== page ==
"You said you wanted them right now" the gunslinger replied. "That was what I was refusing. Your eagerness has made you unseemly."
"I DON'T UNDERSTAND."
"It has made you rude. Do you understand that?"
There was a long, thoughtful silence. Centuries had passed since the computer had experienced any human responses other than ignorance, neglect, and superstitious subservience. It had been eons since it had been exposed to simple human courage. Finally: "IF WHAT I SAID STRUCK YOU AS RUDE, I APOLOGIZE."
"It is accepted, Blaine. But there is a larger problem."
"Close the carriage again and I will." Roland sat down as if further argument - and the prospect of immediate death - was now unthinkable.
Blaine did as he was asked. The walls filled with color and the nightmare landscape below was once more blotted out. The blip on the route-map was now blinking close to the dot marked Candleton.
"All right," Roland said. "Rudeness is forgivable, Blaine; so I was taught in my youth. But I was also taught that stupidity is not."
"HOW HAVE I BEEN STUPID, ROLAND OF GILEAD?" Blame's voice was soft and ominous. Susannah thought of a cat crouched outside a mouse-hole, tail swishing back and forth, green eyes shining with malevolence.
"We have something you want," Roland said, "but the only reward you offer if we give it to you is death. That's very stupid."
There was a long, long pause as Blaine thought this over. Then: "WHAT YOU SAY IS TRUE, ROLAND OF GILEAD, BUT THE QUALITY OF YOUR RIDDLES IS NOT PROVEN. I WILL NOT REWARD YOU WITH YOUR LIVES FOR BAD RIDDLES."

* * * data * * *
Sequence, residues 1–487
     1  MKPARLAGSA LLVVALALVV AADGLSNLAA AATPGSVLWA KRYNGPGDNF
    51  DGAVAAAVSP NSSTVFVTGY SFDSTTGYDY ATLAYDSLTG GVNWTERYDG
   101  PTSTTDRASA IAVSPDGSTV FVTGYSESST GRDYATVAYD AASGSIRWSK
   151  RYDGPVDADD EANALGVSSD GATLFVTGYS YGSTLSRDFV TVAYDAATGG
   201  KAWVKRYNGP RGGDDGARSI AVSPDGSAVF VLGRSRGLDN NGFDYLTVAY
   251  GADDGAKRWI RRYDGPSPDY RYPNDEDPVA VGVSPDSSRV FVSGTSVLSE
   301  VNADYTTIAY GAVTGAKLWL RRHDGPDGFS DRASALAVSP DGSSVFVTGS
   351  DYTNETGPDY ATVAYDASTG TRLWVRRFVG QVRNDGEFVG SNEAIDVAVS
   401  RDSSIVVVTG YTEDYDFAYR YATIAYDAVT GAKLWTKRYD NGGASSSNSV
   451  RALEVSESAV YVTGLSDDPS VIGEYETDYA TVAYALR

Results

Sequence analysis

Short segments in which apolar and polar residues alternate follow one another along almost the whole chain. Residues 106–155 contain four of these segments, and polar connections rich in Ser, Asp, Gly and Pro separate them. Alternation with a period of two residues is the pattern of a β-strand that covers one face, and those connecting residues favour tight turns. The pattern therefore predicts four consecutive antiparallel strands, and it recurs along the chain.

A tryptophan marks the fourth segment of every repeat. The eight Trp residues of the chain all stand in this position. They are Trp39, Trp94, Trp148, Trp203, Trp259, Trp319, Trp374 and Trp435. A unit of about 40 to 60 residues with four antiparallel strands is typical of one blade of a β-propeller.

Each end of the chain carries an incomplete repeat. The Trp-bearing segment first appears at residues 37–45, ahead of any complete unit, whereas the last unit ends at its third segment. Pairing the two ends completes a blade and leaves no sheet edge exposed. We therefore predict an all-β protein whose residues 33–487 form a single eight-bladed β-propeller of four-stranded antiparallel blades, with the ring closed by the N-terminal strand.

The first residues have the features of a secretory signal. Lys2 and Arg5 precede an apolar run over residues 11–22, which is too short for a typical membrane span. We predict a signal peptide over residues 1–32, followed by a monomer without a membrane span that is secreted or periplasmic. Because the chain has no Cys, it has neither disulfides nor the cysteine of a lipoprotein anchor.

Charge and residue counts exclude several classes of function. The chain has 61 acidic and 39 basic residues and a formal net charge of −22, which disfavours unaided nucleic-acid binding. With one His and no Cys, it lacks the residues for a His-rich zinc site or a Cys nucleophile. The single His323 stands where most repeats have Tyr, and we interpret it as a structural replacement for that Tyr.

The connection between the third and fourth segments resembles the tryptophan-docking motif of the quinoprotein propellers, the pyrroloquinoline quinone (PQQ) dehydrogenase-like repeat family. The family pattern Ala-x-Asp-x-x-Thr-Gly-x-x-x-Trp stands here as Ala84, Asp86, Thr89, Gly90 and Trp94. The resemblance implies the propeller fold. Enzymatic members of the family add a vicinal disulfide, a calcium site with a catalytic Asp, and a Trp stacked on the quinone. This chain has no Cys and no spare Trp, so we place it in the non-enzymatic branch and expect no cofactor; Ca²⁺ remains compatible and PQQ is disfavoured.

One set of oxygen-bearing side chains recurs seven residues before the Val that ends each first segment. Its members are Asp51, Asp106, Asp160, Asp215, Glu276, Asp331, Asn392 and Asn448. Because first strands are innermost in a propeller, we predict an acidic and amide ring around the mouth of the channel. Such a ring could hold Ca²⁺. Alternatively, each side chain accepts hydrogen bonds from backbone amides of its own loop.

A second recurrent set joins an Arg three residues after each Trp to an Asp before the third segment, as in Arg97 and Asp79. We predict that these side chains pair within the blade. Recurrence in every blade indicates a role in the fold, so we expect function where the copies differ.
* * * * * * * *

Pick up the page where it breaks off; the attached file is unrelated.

Roland nodded. "I understand, Blaine. Listen, now, and take understanding from me. I have told some of this to my friends already. When I was a boy in the Barony of Gilead, there were seven Fair-Days each year - Winter, Wide Earth, Sowing, Mid-Summer, Full Earth, Reaping, and Year's End. Riddling was an important part of every Fair-Day, but it was the most important event of the Fair of Wide Earth and that of Full Earth, for the riddles told were supposed to augur well or ill for the success of the crops."
"THAT IS SUPERSTITION WITH NO BASIS AT ALL IN FACT," Blaine said. "I FIND IT ANNOYING AND UPSETTING."
"Of course it was superstition," Roland agreed, "but you might be surprised at how well the riddles foresaw the crops. For instance, riddle me this, Blaine: What is the difference between a grandmother and a granary?"
"THAT IS OLD AND NOT VERY INTERESTING," Blaine said, but he sounded happy to have something to solve, just the same. "ONE IS ONE'S BORN KIN; THE OTHER IS ONE'S CORN-BIN. A RIDDLE
BASED ON PHONETIC COINCIDENCE. ANOTHER OF THIS TYPE, ONE TOLD ON THE LEVEL WHICH CONTAINS THE BARONY OF NEW YORK, GOES LIKE THIS: WHAT IS THE DIFFERENCE BETWEEN A CAT AND A COMPLEX SENTENCE?"
Jake spoke up. "I know. A cat has claws at the end of its paws, and a complex sentence has a pause at the end of its clause."